Flynn’s guilty plea brings Russia probe into Trump’s inner circle
Observers say President Trump and his legal team would be very worried about several issues arising out of Michael Flynn’s admission of guilt.world Updated: Dec 03, 2017 15:32 IST
As explosive as the former national security advisor Michael Flynn’s guilty plea was, it did not establish collusion by Trump campaign with Russian meddling in the president elections. What it did do, was take the Russia probe right into the president’s inner circle of campaign aides and advisers who went on to hold crucial positions in his administration.
Flynn was a close adviser to candidate Trump on national security and went on to hold the crucial White House job as NSA, briefing the president daily on national security issues around the world, with access to highly restricted information and deliberations.
And Jared Kushner, who is reportedly the “very senior official” of the transition team who directed Flynn to contact Russia and other countries on a UN Security Council vote on Israel last December, became, and remains, a senior adviser to the president, holding the lead post on West Asia and relations with China, Mexico and Canada.
Flynn has pleaded guilty to the charge of making false statements to FBI investigators about his contacts with Russians, which is a felony, but not to colluding with their alleged meddling, which would nail the case being probed by Special Counsel Robert Mueller.
That said, President Trump and his legal team would be very worried about several issues arising out of Flynn’s admission of guilt, according to experts and observers.
First, prosecutors only accept a plea deal when the information being offered by the defendant could lead to a bigger catch, someone more crucial in the food chain, someone who perhaps holds the key to the next level. Flynn has already given Mueller’s investigators two names, who have only been identified in court documents as “very senior official” and “senior official”, and who have since been reported to be Kushner and former deputy national security adviser K T McFarland.
And Kushner is as close as it can get to the president, which raises the question if the president knew about these contacts, how much did he know, and did he authorise them?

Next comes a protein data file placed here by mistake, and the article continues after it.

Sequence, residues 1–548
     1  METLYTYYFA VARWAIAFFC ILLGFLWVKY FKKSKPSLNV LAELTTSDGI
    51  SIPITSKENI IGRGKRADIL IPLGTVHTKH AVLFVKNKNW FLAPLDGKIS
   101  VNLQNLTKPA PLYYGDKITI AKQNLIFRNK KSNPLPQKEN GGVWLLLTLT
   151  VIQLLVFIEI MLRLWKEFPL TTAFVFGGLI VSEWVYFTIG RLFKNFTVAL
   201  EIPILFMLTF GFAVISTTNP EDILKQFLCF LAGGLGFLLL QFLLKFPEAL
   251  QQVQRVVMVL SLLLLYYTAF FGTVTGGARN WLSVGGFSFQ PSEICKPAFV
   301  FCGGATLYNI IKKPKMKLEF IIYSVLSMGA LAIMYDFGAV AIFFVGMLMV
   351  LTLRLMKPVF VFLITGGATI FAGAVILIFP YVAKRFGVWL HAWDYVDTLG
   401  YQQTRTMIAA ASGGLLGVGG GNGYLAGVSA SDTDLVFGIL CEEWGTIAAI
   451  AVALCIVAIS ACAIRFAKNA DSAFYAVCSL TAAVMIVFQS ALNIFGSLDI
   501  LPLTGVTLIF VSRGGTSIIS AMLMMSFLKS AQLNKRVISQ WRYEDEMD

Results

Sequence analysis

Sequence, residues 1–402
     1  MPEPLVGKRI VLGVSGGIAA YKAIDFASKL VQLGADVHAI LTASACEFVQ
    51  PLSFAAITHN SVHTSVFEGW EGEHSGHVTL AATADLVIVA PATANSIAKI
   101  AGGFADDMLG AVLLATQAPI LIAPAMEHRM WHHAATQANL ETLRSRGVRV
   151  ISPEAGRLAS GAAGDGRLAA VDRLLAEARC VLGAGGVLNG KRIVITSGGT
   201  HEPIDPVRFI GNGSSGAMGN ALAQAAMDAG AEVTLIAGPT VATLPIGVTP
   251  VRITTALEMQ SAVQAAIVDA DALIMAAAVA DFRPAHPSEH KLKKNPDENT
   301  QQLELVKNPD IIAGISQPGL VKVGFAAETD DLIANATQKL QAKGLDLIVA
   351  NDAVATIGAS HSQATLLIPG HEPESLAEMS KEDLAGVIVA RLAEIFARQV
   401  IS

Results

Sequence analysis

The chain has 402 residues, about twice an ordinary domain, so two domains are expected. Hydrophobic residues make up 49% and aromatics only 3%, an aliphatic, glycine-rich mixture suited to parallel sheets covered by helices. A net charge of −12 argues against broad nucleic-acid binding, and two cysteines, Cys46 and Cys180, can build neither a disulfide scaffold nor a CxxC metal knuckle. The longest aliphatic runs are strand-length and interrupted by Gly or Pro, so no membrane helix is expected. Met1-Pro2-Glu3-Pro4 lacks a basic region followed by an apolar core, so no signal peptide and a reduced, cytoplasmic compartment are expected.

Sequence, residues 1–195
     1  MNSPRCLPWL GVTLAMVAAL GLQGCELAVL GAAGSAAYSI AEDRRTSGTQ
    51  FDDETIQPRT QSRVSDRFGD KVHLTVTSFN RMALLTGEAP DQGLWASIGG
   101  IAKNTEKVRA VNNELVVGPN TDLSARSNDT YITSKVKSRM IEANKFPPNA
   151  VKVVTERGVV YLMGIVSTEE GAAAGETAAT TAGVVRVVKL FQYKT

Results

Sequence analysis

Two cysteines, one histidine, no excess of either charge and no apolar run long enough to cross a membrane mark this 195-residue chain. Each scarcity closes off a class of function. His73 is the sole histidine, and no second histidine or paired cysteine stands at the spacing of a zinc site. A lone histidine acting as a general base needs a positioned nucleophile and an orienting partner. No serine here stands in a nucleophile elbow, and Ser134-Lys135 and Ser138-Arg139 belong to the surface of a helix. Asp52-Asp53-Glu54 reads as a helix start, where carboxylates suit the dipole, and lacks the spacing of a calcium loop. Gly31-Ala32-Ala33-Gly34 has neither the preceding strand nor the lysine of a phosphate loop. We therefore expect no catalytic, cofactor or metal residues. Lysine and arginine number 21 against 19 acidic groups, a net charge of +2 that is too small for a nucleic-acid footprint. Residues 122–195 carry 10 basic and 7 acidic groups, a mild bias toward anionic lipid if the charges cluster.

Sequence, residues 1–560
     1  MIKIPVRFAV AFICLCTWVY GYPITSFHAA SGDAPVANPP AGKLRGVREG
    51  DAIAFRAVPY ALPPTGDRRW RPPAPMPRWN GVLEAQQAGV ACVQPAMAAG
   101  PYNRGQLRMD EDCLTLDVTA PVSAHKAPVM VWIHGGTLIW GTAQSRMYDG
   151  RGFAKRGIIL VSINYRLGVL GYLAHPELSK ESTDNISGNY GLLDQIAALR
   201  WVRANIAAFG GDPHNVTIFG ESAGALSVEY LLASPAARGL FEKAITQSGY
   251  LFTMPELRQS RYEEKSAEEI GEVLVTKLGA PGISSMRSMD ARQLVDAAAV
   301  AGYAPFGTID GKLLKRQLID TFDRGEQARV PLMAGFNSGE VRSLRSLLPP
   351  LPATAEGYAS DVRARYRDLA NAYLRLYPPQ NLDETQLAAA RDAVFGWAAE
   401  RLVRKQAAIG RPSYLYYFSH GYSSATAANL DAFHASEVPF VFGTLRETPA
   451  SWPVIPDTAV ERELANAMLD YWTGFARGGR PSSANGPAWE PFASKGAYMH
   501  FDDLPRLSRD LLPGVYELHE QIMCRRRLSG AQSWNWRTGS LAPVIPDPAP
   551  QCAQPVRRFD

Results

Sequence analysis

Trump, who has denied there was any collusion by him or campaign aides with the Russian meddling, has not said anything about his own role in the contacts.
Second, most worrying for the president would be the fact that Flynn is cooperating with the probe under a plea deal and who knows what information or who would be given up. He was, after all, an early supporter and trusted adviser of the candidate.
Trump’s legal team sought to diminish his role in the Trump circle, describing him in a statement, as “a former national security advisor at the White House for 25 days during the Trump Administration, and a former Obama administration official”. He did serve in the Obama administration, as head of the defence intelligence agency, but was ousted.
In the statement, Ty Cobb, who heads Trump’s legal defence team in regard to the Russia probe, went on to say, “The false statements involved mirror the false statements to White House officials which resulted in his resignation in February of this year.” And, critically, “Nothing about the guilty plea or the charge implicates anyone other than Mr. Flynn.”
For now, probably.
There is also George Papadapoulos, a Trump campaign aide, who has also pleaded guilty to lying to FBI and is cooperating with investigators under a plea deal, which would not have been agreed to if he did not have anything useful to offer.